Never worry about theory as long as the machinery does what it's supposed to do. —Robert A. Heinlein
On behalf of the Parrot team, I'm proud to announce Parrot 2.7.0 "Australian King"
Parrot is a virtual machine aimed at running all dynamic languages.
Parrot 2.7.0 is available on Parrot's FTP site, or follow the download instructions. For those who would like to develop on Parrot, or help develop Parrot itself, we recommend using Subversion on our source code repository to get the latest and best Parrot code.
SHA digests for this release are:
51f206172b8b6699cc71e366feb111dc32bdd8ed5e3ecfd59ed898c1ee2de2a1 parrot-2.7.0.tar.gz 46296ad1a60c5933fc229ec64f638f2abb66de23bb9b01b3e7c7b248c2b32df0 parrot-2.7.0.tar.bz2
Parrot 2.7.0 News:
New in 2.7.0 - Core + cleanups in packfile and freeze/thaw handling + Hash optimizations that improve HLL startup and run time + As always, many bug fixes and other optimizations - Runtime + some runtime library cleanups - Testing + added more tests to improve coverage + new codingstd test for documentation in .pmc files - Documentation + added documentation to .pmc files (some still missing but headers in place) + general documentation improvements and bringing up-to-date - NQP-rx + Updated version included from http://github.com/perl6/nqp-rx includes speed improvements
and just for fun:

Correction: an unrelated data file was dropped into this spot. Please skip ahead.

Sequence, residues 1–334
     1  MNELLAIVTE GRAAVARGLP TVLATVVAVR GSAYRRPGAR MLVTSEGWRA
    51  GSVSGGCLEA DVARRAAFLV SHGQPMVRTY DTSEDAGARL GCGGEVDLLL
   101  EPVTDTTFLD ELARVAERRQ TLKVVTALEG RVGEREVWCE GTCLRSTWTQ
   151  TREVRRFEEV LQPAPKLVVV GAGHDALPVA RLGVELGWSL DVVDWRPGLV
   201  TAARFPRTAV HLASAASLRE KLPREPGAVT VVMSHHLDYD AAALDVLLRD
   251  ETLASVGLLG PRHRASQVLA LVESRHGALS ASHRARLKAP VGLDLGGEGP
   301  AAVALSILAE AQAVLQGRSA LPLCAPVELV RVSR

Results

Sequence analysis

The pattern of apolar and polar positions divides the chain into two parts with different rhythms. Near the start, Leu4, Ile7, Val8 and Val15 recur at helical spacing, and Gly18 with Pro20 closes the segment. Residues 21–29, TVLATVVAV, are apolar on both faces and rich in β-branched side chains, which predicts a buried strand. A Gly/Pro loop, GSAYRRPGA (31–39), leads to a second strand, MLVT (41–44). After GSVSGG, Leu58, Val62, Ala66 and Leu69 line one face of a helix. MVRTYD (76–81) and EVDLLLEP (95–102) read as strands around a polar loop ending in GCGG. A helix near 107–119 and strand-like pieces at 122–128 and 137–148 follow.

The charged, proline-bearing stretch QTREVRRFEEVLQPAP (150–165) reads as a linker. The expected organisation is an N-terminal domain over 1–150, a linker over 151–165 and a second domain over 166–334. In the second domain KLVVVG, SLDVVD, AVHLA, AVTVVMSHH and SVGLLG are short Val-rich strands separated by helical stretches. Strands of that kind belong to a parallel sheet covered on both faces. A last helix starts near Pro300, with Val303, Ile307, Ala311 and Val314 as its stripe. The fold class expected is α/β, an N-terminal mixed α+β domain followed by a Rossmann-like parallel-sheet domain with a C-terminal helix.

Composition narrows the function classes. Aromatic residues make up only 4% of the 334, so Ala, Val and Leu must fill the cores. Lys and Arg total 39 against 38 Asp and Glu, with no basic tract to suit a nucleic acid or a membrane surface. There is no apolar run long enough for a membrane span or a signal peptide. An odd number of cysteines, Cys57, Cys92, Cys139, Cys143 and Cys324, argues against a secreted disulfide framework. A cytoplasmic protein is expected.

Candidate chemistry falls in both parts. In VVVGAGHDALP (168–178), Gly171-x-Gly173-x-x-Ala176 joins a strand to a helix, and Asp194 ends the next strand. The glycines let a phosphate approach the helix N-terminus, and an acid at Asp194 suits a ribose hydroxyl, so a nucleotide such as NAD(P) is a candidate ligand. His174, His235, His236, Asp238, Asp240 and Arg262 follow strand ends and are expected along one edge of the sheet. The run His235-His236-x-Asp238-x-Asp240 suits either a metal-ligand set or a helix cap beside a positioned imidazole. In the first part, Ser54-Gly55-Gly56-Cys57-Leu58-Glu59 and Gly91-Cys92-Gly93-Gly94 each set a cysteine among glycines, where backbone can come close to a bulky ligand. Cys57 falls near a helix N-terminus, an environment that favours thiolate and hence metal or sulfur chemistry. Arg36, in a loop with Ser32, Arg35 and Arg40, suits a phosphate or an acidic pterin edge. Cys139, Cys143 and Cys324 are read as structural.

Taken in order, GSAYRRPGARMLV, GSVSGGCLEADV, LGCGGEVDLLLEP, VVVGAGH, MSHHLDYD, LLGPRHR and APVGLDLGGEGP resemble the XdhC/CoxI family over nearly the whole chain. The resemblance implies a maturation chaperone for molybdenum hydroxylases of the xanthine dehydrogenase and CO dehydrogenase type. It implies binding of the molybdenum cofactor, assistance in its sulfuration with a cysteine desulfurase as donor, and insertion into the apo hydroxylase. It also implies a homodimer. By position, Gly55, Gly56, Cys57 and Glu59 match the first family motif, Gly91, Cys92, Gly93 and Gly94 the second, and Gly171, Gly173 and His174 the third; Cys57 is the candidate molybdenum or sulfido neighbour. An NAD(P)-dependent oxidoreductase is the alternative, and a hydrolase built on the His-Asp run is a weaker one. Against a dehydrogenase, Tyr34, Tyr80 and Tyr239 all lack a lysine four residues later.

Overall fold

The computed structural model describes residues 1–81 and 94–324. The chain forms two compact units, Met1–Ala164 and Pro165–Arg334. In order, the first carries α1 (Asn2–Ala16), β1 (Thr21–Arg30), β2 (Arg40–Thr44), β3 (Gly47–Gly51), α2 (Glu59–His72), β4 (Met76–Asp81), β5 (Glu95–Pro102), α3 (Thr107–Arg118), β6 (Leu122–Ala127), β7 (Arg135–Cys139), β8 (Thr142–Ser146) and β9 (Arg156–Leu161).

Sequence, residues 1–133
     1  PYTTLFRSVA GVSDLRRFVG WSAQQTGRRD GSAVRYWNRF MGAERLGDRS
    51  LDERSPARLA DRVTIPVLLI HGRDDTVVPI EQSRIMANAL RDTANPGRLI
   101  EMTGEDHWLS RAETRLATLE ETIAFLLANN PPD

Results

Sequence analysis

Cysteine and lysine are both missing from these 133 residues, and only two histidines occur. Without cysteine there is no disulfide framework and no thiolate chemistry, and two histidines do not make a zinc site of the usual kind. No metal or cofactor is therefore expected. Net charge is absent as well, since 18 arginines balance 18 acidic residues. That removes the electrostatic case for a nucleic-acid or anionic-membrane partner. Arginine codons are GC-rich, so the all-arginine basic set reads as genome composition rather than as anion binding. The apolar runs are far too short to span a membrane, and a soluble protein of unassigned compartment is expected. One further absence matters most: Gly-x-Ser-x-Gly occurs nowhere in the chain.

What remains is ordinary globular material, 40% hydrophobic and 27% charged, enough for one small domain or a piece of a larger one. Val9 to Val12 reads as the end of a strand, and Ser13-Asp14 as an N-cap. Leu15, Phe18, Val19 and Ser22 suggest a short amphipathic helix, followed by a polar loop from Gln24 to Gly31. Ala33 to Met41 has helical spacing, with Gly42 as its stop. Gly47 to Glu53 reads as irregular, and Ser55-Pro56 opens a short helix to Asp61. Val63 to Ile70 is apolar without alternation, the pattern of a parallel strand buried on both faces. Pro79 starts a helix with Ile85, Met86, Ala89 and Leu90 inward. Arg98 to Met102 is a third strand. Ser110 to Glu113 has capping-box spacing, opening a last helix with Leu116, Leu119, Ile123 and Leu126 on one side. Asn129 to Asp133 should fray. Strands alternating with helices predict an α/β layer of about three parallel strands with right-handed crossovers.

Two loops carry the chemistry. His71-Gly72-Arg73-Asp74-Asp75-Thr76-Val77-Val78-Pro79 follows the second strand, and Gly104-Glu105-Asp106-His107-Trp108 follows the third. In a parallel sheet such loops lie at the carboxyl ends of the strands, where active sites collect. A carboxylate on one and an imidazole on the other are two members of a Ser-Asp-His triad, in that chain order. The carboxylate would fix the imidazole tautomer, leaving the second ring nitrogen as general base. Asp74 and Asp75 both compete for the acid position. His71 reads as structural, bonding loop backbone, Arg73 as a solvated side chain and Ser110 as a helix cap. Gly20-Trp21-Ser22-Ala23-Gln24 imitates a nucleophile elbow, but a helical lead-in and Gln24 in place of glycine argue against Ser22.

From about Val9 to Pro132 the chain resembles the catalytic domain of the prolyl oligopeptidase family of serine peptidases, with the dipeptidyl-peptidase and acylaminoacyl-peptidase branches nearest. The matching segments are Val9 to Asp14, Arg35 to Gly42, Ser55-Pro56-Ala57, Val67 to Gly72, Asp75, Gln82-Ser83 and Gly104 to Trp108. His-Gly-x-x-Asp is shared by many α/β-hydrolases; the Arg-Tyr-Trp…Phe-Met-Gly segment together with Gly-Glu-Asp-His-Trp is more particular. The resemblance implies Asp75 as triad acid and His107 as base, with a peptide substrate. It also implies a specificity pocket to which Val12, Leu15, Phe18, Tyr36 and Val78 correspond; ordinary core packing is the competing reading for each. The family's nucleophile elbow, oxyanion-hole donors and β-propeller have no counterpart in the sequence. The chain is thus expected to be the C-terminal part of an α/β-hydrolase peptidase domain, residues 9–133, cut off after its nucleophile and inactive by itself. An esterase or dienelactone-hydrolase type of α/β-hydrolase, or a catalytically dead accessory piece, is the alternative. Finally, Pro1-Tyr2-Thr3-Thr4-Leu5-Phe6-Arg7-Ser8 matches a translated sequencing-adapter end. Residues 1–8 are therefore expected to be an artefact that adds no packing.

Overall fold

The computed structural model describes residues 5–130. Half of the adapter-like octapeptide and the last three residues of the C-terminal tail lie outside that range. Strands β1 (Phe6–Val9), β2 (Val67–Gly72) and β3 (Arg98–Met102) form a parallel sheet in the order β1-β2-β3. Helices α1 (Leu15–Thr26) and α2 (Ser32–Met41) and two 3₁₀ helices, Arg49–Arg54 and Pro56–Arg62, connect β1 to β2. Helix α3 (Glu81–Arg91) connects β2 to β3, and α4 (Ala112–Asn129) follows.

The Australian King Parrot (Alisterus scapularis) is endemic to eastern Australia. It is found in humid and heavily forested upland regions of the eastern portion of the continent, including eucalyptus wooded areas in and directly adjacent to subtropical and temperate rainforest. They feed on fruits, seeds or small insects. Adults of both sexes are about 43 cm (17 in) in length, including the long broad tail. The adult male has a red head, breast, and lower undersides, with a blue band on the back of the neck between the red above and green on the back, the wings are green and each has a pale green shoulder band, the tail is green, and the rump is blue. The male has a reddish-orange upper mandible with a black tip, a black lower mandible with an orange base, and yellow irises. The plumage of the female is much different to the male having a green head and breast, a grey beak, and the pale shoulder band is small or absent. Juveniles of both sexes have brown irises and a yellowish beak, and otherwise resemble the female. In their native Australia, King Parrots are occasionally bred in aviaries and kept as calm and relatively quiet household pets if hand-raised. They are relatively unknown outside Australia. As pets, they have limited "talking" ability and normally prefer not to be handled, but they do bond readily to people and can be very devoted. Life expectancy in the wild is unknown, but some pets have been known to live for up to 25 years. extracted from http://en.wikipedia.org/wiki/Australian_King_Parrot (more plus pictures etc., there)